The ob­vi­ous lead might not work

Cecil Whig - - & & - By Phillip Alder

Alfred North White­head, an English math­e­ma­ti­cian and philosopher who spent the last 23 years of his life in Cam­bridge, Mass., said, “It re­quires a very un­usual mind to un­der­take the anal­y­sis of the ob­vi­ous.” Ex­pert bridge play­ers will look for traps in ob­vi­ous-look­ing con­tracts. In today’s deal, though, it was the ob­vi­ous open­ing lead that proved fatal -- one of the hard­est “er­rors” to avoid. What do you think of West’s four­heart open­ing bid? How did South play in five di­a­monds after West led his heart ace, then shifted to a low spade?

With a side four-card ma­jor, the text­books tell you not to pre-empt. But these days, ex­perts are more flex­i­ble. Also, when you have a 7-4 shape, open with a game-bid. Either you will buy a good dummy and make game, or you won’t and even the three-level will be too high.

South has 11 po­ten­tial win­ners: two spades, six di­a­monds, one club and two heart ruffs in the dummy. After the heart-ace lead and spade shift, de­clarer wins that trick, cashes the di­a­mond ace to see the 3-0 break, and leads his club to dummy’s queen and East’s ace. Back comes another spade.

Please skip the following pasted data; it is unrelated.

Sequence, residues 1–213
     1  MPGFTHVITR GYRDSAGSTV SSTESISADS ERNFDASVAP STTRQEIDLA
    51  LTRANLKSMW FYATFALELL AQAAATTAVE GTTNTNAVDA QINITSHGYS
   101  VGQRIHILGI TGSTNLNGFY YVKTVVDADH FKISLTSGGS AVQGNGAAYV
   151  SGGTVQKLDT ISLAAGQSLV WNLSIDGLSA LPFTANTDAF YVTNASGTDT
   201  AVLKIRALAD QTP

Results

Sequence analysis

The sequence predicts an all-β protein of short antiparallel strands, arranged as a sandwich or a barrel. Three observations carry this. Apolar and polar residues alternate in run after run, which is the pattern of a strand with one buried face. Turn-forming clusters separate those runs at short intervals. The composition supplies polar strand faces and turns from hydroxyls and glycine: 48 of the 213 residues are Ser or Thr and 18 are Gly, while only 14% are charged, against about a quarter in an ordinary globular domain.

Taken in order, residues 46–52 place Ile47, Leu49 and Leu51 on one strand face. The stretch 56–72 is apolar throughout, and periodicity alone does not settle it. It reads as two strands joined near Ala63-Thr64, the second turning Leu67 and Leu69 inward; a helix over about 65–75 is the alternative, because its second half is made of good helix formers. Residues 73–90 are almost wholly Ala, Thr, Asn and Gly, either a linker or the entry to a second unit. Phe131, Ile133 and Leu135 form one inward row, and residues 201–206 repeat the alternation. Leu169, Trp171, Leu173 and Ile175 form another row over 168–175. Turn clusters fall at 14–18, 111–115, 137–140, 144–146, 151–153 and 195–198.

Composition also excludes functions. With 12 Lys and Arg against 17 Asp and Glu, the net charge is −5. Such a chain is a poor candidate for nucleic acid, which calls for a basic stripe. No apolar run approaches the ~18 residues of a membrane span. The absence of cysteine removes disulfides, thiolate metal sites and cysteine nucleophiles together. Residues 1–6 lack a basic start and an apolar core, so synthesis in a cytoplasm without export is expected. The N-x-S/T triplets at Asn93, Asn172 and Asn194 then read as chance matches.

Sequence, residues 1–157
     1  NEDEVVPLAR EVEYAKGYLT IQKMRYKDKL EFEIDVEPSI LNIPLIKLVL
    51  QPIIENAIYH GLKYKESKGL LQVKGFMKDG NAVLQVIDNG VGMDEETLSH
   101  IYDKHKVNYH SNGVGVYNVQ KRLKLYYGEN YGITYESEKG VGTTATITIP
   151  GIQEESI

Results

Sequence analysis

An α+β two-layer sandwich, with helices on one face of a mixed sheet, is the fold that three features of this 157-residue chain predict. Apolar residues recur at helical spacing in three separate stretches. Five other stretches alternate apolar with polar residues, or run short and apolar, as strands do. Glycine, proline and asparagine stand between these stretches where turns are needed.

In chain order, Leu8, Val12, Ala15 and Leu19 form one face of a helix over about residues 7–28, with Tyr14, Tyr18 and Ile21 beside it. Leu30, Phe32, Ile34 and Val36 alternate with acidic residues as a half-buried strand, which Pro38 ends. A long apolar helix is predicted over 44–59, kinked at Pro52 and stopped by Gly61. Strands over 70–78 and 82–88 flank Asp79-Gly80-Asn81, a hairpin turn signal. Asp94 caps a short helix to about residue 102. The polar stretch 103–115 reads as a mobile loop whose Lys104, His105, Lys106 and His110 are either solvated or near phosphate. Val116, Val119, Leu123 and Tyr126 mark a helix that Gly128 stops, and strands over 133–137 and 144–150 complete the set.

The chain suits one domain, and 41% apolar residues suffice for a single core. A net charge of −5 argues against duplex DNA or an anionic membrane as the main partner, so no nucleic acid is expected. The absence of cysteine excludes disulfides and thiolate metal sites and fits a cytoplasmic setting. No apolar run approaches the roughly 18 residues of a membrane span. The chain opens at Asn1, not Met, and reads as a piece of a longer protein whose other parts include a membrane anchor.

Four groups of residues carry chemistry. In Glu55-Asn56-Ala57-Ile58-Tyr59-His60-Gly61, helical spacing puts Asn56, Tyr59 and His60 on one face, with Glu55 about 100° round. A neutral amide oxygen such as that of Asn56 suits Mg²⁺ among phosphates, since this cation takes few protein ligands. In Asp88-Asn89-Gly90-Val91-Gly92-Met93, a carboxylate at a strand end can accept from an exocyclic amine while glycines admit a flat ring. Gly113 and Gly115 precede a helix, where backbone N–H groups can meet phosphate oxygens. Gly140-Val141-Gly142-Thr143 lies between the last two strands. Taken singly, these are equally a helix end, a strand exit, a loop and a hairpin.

South wins in his hand, ruffs a heart with the di­a­mond seven, dis­cards his last spade on the club king, trumps a club, ruffs the heart queen with the di­a­mond eight, draws trumps, and claims. If only West had led a spade ini­tially, he would have de­feated the con­tract -- tough.

Fi­nally, note that five hearts dou­bled would prob­a­bly go down only two -- also tough, be­cause it is rarely right to bid five over five.

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